Sunburns

Sunburn is a damage caused to the skin by the extreme ultra-violet (UV) rays of the sun. In fact, sunburn is considered to be the most common types of damages caused by radiation and exposure to the UV rays for even only 10 minutes can stimulate the skin to trigger a series of defences against the damages. The initial indications of damage caused by sunburn are redness of the skin.

Interestingly enough, though nearly everyone is aware of the fact that radiation is detrimental for their skin and also the overall health, they expose themselves to the detrimental consequences of ultra-violet rays of the skin regularly on their own accord.

Radiation possesses the aptitude to incite deadly diseases including cancer. In fact, with more and more people taking to sunbathing for pleasure as well as a means to tan their skin, there has been a steady rise in incidences of skin cancer as well as actinic keratosis, which is considered to be a forerunner to skin cancer. It has been established that apart from actinic keratosis, all other forms of skin cancer, especially the non-melanoma forms (such as basal as well as squamous cell cancer) have a direct association with exposure to the sun.

Exposing one to direct sunlight for long during his/ her early life is particularly relevant to developing sunburn and subsequently the associated health issues. In fact, several people are mostly exposed to the sun during their childhood days. It has been found that even when one is exposed to the sun during his/ her childhood, the sunburn augments the chances of enduring skin cancer later in their life. Nevertheless, sunburn is not the sole reason for our skin being damaged by radiation, for even a tan can also result in skin damage by the ultra-violet rays.

Sunburn causes many signs and symptoms and some of them generally appear within a just a few hours of being exposed to the sun and they may persist for some days. Such symptoms of radiation due to sun exposure include the skin becoming reddish or pinkish, swelling, fatigues, headaches, fever, pain or tenderness, blisters filled with fluids, and the skin becoming warm or hot when touched.

While the symptoms related to sun exposure may begin to appear immediately after one has been out in the sun, they may keep on exacerbating for a couple of days after they emerge. When the sunburn begins to heal, the top most skin layer damaged by sun exposure will gradually begin to peel off. Occasionally, such skin peeling may leave behind uneven, dappled colors on the skin layers below.

It is worth noting that a number of specific factors can augment the chances of a person developing damaged skin when exposed to the intense ultra-violet rays of the sun. Some of these factors, which include skin type, location of the individual, time of the day and indoor tanning are discussed below:

Skin type
The skin complexion of an individual is considered to be the main risk factor for skin likely to be damaged by exposure to the sun. People having fair or pale skin complexion usually have skin that is more susceptible to sunburn. Moreover, such types of skin will not tan modestly. As a result, the chances of them getting sunburn are greater. On the other hand, individuals with brown, olive or black skin complexion will seldom get sunburn easily. The skin of such people will also not tan easily. Nevertheless, even people with black, olive or brown skin colors can also have their skin damaged due to exposure to intense sunlight. However, the risk faced by them is not as much as those faced by people with pale or fair skin.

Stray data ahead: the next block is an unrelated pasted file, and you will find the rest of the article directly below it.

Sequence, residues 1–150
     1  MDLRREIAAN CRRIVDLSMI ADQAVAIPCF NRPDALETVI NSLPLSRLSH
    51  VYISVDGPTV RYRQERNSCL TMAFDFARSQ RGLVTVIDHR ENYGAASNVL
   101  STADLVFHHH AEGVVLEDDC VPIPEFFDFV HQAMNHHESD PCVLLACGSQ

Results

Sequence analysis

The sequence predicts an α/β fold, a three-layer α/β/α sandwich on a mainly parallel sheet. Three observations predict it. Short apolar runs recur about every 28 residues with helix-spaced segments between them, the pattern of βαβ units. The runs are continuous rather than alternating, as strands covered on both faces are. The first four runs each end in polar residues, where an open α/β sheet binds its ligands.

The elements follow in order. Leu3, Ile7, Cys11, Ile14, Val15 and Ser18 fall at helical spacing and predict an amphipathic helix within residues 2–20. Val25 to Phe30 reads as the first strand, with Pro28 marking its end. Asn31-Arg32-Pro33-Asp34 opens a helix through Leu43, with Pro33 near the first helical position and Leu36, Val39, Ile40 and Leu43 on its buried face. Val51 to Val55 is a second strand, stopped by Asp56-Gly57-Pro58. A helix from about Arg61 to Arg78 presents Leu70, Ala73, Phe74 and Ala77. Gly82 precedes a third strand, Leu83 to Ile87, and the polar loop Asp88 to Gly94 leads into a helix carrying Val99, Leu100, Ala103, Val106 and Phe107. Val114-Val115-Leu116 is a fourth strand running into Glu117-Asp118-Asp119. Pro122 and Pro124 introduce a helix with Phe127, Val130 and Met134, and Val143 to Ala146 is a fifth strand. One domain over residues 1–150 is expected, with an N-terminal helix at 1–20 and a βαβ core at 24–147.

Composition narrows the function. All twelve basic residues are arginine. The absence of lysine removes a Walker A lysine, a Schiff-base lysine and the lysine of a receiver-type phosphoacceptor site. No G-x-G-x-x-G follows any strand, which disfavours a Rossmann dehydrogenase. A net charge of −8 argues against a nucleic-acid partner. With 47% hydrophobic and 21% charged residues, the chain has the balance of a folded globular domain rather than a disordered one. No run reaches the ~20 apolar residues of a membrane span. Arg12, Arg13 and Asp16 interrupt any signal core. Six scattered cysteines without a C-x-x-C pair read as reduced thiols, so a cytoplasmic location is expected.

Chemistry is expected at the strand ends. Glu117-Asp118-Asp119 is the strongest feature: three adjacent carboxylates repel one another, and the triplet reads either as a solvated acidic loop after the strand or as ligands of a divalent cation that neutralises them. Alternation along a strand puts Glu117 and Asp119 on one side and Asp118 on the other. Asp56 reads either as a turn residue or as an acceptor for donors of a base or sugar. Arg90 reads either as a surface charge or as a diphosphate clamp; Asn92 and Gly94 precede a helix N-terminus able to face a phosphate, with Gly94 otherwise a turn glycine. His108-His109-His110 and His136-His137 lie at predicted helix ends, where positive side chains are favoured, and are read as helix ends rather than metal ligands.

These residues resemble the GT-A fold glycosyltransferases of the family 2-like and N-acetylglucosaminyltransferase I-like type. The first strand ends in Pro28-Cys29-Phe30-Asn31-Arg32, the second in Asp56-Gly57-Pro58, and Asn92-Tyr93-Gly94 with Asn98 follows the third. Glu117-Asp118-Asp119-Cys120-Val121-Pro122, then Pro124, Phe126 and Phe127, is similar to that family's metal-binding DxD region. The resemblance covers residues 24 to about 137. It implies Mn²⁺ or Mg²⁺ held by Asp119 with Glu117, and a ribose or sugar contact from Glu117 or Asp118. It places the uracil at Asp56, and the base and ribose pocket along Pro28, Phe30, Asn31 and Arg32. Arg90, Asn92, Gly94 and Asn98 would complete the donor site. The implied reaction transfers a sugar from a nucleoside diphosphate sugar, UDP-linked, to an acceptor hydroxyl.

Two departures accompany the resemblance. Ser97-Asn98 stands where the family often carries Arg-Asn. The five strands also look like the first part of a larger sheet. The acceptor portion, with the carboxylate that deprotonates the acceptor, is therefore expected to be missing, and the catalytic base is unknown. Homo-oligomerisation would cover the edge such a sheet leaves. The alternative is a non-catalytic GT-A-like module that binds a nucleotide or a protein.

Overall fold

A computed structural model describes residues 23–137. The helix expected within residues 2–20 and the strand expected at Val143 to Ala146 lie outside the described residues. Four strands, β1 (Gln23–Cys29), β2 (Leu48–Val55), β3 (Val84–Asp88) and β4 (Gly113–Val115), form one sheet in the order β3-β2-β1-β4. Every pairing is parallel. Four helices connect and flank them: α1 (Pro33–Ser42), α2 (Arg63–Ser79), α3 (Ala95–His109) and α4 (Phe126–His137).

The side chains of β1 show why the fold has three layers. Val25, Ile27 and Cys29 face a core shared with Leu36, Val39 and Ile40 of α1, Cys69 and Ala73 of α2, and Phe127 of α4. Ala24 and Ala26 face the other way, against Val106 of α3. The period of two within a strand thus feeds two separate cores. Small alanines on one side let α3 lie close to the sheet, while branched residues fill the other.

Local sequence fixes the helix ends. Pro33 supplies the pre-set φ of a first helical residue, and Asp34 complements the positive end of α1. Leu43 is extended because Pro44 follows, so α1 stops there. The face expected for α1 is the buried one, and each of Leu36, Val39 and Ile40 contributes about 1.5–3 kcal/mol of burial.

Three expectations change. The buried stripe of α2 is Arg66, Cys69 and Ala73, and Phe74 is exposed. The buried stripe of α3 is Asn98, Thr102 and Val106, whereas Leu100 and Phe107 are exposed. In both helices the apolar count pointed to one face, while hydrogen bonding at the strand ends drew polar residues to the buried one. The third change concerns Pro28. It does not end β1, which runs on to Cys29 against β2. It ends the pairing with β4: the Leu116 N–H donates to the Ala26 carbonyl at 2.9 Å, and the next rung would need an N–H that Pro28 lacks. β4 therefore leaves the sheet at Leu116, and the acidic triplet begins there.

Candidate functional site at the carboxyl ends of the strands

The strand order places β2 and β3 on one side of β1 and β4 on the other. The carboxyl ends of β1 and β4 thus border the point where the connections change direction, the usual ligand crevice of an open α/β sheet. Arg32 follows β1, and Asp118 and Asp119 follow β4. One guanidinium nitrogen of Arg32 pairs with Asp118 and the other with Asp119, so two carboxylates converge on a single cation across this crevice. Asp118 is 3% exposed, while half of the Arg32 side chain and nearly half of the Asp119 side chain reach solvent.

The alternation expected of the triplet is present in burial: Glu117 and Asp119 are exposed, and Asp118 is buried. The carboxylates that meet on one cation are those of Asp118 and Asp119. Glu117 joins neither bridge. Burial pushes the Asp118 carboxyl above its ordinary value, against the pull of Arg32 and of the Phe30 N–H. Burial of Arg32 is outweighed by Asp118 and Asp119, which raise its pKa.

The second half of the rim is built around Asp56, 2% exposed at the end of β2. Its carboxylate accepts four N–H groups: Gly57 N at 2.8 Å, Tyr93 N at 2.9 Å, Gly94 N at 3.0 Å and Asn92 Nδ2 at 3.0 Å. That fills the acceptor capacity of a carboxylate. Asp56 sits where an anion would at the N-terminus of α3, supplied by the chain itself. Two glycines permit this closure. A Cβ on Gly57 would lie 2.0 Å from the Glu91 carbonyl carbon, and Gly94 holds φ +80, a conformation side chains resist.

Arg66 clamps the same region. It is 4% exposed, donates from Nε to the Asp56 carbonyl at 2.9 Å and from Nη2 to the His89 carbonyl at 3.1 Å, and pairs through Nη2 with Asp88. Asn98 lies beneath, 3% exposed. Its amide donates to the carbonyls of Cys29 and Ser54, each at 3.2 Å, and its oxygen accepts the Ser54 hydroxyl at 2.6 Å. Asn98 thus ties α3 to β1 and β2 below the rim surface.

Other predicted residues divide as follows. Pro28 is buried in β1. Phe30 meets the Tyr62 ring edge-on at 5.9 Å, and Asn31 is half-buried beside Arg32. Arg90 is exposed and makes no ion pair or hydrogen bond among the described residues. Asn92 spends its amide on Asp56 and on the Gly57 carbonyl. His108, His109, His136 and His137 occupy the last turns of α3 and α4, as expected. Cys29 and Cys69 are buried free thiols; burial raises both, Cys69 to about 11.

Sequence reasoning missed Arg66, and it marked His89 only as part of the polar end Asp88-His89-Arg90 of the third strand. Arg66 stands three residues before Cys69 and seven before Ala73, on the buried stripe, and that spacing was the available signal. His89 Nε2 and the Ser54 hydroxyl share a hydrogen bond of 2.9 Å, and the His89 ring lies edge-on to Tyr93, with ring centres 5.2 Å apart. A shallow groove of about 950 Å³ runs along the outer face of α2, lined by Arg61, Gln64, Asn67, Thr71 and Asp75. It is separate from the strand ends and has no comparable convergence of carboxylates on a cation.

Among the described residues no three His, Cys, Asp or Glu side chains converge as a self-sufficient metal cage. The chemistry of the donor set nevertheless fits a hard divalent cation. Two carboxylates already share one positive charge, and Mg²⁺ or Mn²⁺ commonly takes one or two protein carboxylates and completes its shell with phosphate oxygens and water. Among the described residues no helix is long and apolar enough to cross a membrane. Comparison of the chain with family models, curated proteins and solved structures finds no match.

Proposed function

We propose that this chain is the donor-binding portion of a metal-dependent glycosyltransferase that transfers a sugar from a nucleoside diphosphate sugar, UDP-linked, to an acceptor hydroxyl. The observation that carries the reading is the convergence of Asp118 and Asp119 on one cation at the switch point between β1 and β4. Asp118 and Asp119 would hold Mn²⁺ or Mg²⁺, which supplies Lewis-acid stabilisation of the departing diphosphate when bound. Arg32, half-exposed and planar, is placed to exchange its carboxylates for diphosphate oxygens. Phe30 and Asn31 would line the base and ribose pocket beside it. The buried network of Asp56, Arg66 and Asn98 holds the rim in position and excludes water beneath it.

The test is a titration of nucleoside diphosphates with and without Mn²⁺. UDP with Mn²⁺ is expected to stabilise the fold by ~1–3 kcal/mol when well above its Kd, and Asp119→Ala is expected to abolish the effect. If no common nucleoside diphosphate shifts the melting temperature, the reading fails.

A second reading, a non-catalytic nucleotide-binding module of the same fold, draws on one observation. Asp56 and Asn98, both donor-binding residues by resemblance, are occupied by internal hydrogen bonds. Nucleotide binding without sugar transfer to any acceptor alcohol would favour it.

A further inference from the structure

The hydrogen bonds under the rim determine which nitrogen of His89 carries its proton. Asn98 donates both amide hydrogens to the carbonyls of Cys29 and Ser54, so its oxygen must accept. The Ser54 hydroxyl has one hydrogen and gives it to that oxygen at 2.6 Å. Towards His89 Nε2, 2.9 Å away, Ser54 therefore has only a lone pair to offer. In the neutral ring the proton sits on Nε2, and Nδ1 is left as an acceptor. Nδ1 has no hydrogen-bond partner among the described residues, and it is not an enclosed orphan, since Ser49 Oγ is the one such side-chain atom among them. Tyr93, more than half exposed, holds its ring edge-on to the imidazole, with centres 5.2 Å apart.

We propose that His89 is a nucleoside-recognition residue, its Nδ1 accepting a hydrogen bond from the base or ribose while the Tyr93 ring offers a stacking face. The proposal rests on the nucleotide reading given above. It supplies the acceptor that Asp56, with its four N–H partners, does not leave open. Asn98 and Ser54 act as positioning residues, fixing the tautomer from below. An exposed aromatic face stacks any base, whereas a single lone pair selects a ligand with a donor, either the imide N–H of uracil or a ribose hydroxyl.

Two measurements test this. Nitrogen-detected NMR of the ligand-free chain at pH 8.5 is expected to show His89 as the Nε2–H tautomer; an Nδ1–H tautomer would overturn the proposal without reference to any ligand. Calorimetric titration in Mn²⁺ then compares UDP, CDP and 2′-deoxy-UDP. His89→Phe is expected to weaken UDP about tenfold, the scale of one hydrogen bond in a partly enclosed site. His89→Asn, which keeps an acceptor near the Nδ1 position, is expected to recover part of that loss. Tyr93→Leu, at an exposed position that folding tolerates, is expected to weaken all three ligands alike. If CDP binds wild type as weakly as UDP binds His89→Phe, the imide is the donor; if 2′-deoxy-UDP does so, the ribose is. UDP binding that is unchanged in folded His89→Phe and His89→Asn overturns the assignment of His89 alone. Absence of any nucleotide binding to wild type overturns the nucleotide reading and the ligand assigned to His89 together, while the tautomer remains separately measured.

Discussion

Location
People, who live in places located on a high altitude, having climates akin to what prevails in high altitudes or in places receiving plenty of sunlight, have a greater risk of developing sunburn, as these places receive more intense sunlight. As a result the effects of the detrimental ultra-violet rays too are more.
Time of day
Aside from the above two risk factors, the chances of developing sunburn increases when one goes outdoors during the day time, especially between 10 a.m. and 4 p.m. The intensity of sunlight is much more during this time of the day compared to other periods.
Indoor tanning
Use of commercially available tanning beds also enhances the chances of developing damaged skin due to sunburn. Though they have nothing to do with sunlight, these machines also use ultra-violet (UV) rays for skin tanning.

How to ease symptoms related to sunburns

Unfortunately, sunburn does not have any quick fix treatment. Similar to other instances of burns, sunburn takes a considerable time to heal. In fact, applying cold water compressions to the affected areas and taking cold baths can help to ease the symptoms to some extent. In addition, certain creams (Elma 01 Skin Ointment) that help to keep the skin hydrated and moisturized may also prove to be useful in alleviating the pain temporarily. Several people are of the view that applying such creams may also aid in reducing the peeling of the affected skin eventually. It is worth mentioning here that many people also apply butter to the affected areas, as they consider it to be an old and effective remedy for sunburns. However, butter should never be applied to sunburns because it increases the chances of developing infections. If you have developed sunburn, you should also stay away from anesthetic creams and sprays, unless your physician have recommended otherwise.

In severe instances of sunburns, which are often accompanied with blistering and second-degree burns over large areas, the victim needs to be hospitalized and admitted to a burns unit. The treatment in such cases is similar to that administered to other burn patients. People suffering from extreme sunburn cases may be given steroids as well as fluid replacement as a part of their treatment.

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